Payments for Ecosystem Services: Examples from Around the World

Reference work entry

Abstract

Payments for ecosystem services (PES) (Payments for Ecosystem Services: Definition) – the creation of markets for ecosystem services between beneficiaries and “suppliers” influencing their production – is becoming increasingly widespread around the world. Many PES schemes address aspects of the water cycle and water-mediated ecosystem services, and so have direct relevance to wetlands and wetland processes within landscapes. Global examples of PES schemes also address a diversity of other services ranging, for example, from biodiversity, fishery, and water resource protection to carbon sequestration, amenity and tourism access, landscape aesthetics, and some elements of spiritual values. This chapter provides examples of water-related PES schemes drawn from Asia, Europe, the Americas, Australasia and Africa.

Keywords

Water resources Biodiversity Cultural values Markets Ecosystem services Subsidies Policy Carbon sequestration 

References

  1. Bennett MT, Xu J. China’s sloping land conversion program: institutional innovation or business as usual? Workshop on “Payments for Environmental Services (PES) – Methods and Design in Developing and Developed Countries”. 2005. Available at: http://www.cifor.cgiar.org/pes/publications/pdf_files/China_paper.pdf. Accessed 5 May 2011.
  2. Blaine JG, Sweeney BW, Arscott DB. Enhanced source-water monitoring for New York City: historical framework, political context, and project design. J N Am Benthol Soc. 2006;25(4):851–66.CrossRefGoogle Scholar
  3. Déprés C, Grolleau G, Mzoughi N. Contracting for environmental property rights: the case of Vittel. Paper presented at the 99th Seminar of the European Association of Agricultural Economists, Copenhagen, 24–27 Aug 2005. Available online at: http://www.eaae2005.dk/CONTRIBUTED_PAPERS/S59_713_Mzoughi_etal.pdf#search=%22observatoire%20environnement%202005%20vittel%22
  4. Embassy of the People’s Republic of China in the United States of America. Yangtze River flow set to exceed level of catastrophic 1998 floods. 2010. Available at: http://www.china-embassy.org/eng/gdxw/t718036.htm. Accessed 5 May 2011.
  5. Forest and Grassland Taskforce of China. In pursuit of a sustainable Green West. Newsletter; 2003.Google Scholar
  6. Funk J. Maori farmers look to environmental markets in New Zealand. Ecosystem Marketplace, 24 Jan 2006.Google Scholar
  7. Maloti Drakensberg Transfrontier Project Payment for ecosystem services: developing an ecosystem services trading model for the Mnweni/Cathedral Peak and Eastern Cape Drakensberg Areas. In: Mander M, editor. INR Report IR281. Development Bank of Southern Africa, Department of Water Affairs and Forestry, Department of Environment Affairs and Tourism, Ezemvelo KZN Wildlife, South Africa. 2007.Google Scholar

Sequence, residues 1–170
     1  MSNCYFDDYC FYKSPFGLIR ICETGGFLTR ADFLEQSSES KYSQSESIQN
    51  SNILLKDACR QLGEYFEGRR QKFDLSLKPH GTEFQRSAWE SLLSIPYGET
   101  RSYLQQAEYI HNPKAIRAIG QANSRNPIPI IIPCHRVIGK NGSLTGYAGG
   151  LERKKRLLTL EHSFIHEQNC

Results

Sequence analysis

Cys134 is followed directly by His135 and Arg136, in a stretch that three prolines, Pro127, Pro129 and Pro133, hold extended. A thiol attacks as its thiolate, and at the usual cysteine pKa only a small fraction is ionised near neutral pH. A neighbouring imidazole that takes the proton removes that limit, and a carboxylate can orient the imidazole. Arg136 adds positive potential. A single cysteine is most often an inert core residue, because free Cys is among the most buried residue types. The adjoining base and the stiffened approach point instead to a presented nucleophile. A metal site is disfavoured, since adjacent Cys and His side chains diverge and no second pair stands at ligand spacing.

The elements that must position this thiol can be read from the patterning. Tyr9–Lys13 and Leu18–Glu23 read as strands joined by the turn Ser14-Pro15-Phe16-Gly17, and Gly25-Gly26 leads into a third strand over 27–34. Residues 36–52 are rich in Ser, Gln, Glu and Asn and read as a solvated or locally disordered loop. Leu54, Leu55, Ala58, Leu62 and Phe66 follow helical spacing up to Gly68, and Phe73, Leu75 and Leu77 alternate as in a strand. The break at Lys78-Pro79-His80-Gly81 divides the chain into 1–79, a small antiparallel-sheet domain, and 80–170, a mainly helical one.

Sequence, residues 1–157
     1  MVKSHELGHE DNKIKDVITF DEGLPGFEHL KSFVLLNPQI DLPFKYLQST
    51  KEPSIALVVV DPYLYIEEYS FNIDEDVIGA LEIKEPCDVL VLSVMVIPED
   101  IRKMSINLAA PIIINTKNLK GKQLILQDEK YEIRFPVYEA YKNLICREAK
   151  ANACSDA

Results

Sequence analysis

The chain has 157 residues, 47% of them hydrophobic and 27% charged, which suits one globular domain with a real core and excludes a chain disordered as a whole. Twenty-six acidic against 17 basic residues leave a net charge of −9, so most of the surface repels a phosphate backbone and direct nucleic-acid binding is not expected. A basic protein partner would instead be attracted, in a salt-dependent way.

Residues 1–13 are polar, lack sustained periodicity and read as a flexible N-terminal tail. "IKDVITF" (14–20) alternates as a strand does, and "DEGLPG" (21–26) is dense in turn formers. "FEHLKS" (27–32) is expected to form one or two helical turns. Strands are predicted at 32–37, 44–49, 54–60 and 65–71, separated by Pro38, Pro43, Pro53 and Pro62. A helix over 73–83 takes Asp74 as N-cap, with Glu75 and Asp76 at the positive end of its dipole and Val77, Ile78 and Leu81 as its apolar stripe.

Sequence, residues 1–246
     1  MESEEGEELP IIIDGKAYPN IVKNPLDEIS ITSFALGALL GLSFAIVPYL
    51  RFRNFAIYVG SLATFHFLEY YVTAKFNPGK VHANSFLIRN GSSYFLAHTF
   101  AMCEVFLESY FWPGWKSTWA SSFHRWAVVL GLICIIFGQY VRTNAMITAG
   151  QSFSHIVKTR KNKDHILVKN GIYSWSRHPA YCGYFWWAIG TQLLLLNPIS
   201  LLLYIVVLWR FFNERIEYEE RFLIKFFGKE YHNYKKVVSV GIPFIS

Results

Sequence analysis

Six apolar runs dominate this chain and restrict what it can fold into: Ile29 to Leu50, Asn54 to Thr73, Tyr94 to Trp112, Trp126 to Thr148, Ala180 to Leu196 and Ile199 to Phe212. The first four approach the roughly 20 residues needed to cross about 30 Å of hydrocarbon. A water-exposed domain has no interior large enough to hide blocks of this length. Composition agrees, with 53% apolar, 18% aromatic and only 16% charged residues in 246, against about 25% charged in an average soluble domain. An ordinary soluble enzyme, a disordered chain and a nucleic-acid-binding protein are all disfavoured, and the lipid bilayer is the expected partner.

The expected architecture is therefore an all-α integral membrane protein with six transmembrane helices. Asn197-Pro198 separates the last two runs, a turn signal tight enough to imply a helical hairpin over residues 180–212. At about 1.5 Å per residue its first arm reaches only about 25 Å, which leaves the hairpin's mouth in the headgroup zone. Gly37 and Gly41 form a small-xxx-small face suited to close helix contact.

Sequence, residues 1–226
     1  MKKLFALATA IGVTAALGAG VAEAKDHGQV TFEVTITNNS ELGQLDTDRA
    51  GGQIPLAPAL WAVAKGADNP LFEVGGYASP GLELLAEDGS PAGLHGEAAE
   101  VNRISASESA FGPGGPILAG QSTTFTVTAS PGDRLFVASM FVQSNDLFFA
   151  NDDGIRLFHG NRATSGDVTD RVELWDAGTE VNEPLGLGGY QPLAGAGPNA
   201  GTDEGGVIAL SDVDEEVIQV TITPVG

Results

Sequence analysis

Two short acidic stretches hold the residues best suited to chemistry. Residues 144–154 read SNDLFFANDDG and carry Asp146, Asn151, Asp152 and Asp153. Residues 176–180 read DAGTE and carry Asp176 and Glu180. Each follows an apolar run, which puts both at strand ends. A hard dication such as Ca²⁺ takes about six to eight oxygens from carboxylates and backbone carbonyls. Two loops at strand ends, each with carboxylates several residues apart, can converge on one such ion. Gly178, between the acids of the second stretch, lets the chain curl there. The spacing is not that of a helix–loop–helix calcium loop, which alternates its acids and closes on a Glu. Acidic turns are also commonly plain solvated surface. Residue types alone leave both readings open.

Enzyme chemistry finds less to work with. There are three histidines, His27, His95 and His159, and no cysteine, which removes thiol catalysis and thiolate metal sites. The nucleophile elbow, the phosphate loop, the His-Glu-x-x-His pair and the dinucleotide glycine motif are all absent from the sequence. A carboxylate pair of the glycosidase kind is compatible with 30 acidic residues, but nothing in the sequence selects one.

8. Mander M, Blignaut J, Van Niekirk M, Cowling R, Horan M, Knoesen D, Mills A, Powell M, Schulze R. Baviaanskloof and Tsitsikamma payment for ecosystem services: a feasibility study. Everton: FutureWorks; 2010.Google Scholar
  9. New York City Department for Environmental Protection. Undated. http://www.nyc.gov/html/dep/html/watershed_protection
  10. OECD. Paying for biodiversity: enhancing the cost-effectiveness of payments for ecosystem services. Paris: OECD Publishing; 2010. doi: 10.1787/9789264090279-enGoogle Scholar
  11. Perrot-Maître D. The Vittel payments for ecosystem services: a “perfect” PES case? London: International Institute for Environment and Development; 2006.Google Scholar
  12. TEEB. TEEB for policy makers – summary: responding to the value of nature. 2009. Available at: http://www.teebweb.org/Portals/25/Documents/TEEB%20for%20National%20Policy%20Makers/TEEB%20for%20Policy%20exec%20English.pdf. Accessed 5 May 2011.
  13. Weyerhaeuser H, Wilkes A, Kahrl F. Local impacts and responses to regional forest conservation and rehabilitation programs in China’s Northwest Yunnan Province. Agr Syst. 2005;85:234–53.CrossRefGoogle Scholar
  14. Xu J, Yin R, Li Z, Liu C. China’s ecological rehabilitation: Unprecedented efforts, dramatic impacts, and requisite policies. Ecol Econ. 2006;57:595–607.CrossRefGoogle Scholar

Copyright information

© Springer Science+Business Media B.V., part of Springer Nature 2018

Authors and Affiliations

  1. 1.International Water Security Network, University of the West of EnglandBristolUK

Personalised recommendations